A Free Trade Agreement, besides the obvious trade and economic benefits that would accrue, will provide the space for EU member states to maximize their bilateral engagement with India, in all possible sectors of economic activity.

The multipliers of an FTA, in the context of an ambitious EU-India Strategic Partnership in the 21st century, are enormous. The EU and its member states possess tremendous expertise and know-how, in the very areas, where India wishes to take huge modernization leaps, and where Prime Minister Modi has set an ambitious agenda: Make in India, Clean India, Digital India, Smart Cities, and other significant initiatives, like the International Solar Alliance. All these initiatives are significantly reinforced when India and EU Member States work closely together.

The Republic of Cyprus has strongly supported the signing of the FTA, and will seize the opportunity to engage actively with India in sectors like renewables, most notably in solar energy and natural gas, in shipping and financial services, new applications of thermal energy in medical sciences and pharmaceuticals, in advanced university research and people-to-people contacts.

In fact, one of the main pillars of my visit has been to strengthen cooperation in the economic field, and my delegation included over 60 businessmen, who participated in Cyprus-India business forums in Mumbai and in New Delhi. I am particularly pleased that agreements in the field of merchant shipping, agriculture, aviation, education and culture have been signed.

Cyprus is eager to be part of this new and dynamic EU-India partnership and to contribute actively in focus of mutual interest, particularly in areas where Cyprus has expertise, including energy, renewables, hydrocarbons, shipping, and tourism.

Indeed, the significant discoveries of gas reserves in the Exclusive Economic Zone of Cyprus open new horizons, not only for Cyprus but also for the region, for the EU that is striving for energy diversification and new routes, but also beyond. The presence of energy giants such as ExxonMobil, ENI-KOGAS, Total, Noble, Qatar Petroleum speaks volumes on the huge potential in the field of energy, for Cyprus but also for the wider region.

Cyprus’ discoveries of natural gas reserves provide opportunities for cooperation with third countries, in the region and beyond. It is in this spirit that Cyprus has pursued effective collaboration with a number of neighbouring countries, including Egypt and Israel, with which it has signed Exclusive Economic Zone Agreements. State or private companies from India are welcome to explore opportunities for partnerships with the Republic of Cyprus or in collaboration with partner countries in the region.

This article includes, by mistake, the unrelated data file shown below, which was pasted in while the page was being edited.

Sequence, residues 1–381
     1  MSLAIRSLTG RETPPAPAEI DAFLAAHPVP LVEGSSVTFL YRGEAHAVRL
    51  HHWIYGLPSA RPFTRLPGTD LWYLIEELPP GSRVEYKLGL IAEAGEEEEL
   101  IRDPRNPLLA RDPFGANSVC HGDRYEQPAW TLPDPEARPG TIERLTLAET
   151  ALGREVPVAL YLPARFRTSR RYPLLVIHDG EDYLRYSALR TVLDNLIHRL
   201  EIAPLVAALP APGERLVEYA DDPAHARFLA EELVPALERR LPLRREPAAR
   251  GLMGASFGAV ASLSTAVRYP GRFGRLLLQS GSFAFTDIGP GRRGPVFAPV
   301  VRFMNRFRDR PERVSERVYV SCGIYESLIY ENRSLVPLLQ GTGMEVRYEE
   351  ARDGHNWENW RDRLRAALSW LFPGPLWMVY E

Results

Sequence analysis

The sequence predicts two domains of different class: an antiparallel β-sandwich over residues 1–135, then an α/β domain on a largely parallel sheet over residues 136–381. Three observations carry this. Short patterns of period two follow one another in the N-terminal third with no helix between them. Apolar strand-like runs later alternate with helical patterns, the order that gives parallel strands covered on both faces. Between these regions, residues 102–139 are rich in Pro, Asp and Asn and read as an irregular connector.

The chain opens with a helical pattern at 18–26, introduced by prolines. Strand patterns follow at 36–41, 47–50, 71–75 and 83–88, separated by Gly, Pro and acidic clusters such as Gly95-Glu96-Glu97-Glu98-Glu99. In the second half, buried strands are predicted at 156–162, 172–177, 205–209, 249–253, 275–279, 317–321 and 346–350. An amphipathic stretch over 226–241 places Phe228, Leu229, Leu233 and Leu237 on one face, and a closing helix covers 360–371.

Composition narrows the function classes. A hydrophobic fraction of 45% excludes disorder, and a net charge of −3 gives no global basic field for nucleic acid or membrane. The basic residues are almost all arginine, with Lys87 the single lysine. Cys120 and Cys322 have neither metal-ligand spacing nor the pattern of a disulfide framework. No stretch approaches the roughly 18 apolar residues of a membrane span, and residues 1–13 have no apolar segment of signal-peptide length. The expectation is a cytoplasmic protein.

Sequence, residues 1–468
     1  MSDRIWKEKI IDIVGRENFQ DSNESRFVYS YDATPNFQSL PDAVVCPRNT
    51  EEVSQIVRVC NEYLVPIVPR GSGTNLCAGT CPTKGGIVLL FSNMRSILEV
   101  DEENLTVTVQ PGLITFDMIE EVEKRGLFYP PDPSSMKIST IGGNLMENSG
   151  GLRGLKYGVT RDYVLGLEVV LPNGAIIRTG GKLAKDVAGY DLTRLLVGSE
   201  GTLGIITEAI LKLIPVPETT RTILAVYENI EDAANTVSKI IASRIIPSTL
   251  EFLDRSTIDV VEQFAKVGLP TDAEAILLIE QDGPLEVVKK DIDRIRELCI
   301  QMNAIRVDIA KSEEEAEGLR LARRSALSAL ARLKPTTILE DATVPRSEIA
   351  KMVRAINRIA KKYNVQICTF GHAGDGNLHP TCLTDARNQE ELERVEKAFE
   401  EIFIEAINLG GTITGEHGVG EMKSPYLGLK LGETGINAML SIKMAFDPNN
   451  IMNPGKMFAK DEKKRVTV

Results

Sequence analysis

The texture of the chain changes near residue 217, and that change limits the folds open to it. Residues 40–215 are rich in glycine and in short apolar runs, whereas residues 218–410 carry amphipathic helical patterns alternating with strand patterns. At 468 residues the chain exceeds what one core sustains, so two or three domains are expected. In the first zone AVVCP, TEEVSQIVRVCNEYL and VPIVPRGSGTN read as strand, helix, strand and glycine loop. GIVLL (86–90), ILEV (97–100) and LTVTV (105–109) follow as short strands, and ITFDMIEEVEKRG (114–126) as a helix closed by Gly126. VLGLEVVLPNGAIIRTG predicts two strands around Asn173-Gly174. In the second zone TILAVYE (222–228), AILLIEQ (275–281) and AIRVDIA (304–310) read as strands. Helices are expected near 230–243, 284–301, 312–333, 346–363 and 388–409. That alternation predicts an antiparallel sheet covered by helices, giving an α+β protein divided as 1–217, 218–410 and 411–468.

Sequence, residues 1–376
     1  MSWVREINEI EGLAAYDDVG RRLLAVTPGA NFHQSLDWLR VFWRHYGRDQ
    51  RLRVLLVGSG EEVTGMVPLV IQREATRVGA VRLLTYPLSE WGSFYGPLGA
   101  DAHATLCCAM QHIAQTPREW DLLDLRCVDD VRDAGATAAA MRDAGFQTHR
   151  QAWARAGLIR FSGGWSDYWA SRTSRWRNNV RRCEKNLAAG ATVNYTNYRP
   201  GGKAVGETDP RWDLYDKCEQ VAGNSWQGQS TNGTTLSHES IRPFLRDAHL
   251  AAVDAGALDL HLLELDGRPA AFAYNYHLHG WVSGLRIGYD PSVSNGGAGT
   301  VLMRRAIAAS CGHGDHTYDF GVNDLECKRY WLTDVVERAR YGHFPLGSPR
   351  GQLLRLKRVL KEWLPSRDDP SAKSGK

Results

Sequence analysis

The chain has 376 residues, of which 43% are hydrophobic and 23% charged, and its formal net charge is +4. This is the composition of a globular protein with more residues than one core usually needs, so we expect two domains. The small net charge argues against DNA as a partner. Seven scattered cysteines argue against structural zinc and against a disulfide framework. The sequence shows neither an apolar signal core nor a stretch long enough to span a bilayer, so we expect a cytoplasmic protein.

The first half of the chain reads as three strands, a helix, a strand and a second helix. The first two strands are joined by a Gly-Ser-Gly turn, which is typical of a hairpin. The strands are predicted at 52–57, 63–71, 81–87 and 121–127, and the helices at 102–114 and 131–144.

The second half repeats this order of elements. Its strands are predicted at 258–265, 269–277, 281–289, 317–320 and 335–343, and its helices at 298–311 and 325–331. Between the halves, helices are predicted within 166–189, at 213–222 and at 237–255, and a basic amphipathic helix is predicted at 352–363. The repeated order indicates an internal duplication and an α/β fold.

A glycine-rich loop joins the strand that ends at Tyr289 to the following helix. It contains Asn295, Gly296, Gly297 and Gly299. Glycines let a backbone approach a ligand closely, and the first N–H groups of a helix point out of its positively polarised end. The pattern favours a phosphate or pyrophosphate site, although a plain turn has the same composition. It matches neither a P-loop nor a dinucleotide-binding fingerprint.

We have glimpsed today only the top of the iceberg that is the potential for cooperation and synergies between the EU and India, and how Cyprus can add further value and depth to that relationship.

As I said at the outset of my presentation, India is blessed with ancient roots that continue to blossom in the contemporary era. The European Union-India Strategic Partnership is young but strong, and we are beginning to see the first fruits of our mutual labor. By continuing to nurture and cultivate our relationship, our descendants will look back on our efforts and reap what we have sown �a new culture, born in the 21st Century, destined to grow for centuries to come.

Cyprus very much looks forward to the next EU � India Summit, which will take place in New Delhi in October. It will set the stage for the formal decisions to be made at the highest level, with a view to elevating the ambition and scope of the Strategic Partnership, in order to achieve the desired results. Cyprus will do its utmost to ensure that it is a successful Summit.

The ultimate objective is to ensure that we emerge as strong partners, building on our shared beliefs and interests. To this end, Cyprus will take every effort, within the EU and in the context of its bilateral relations with India, to make this a reality.

Source: Press and Information Office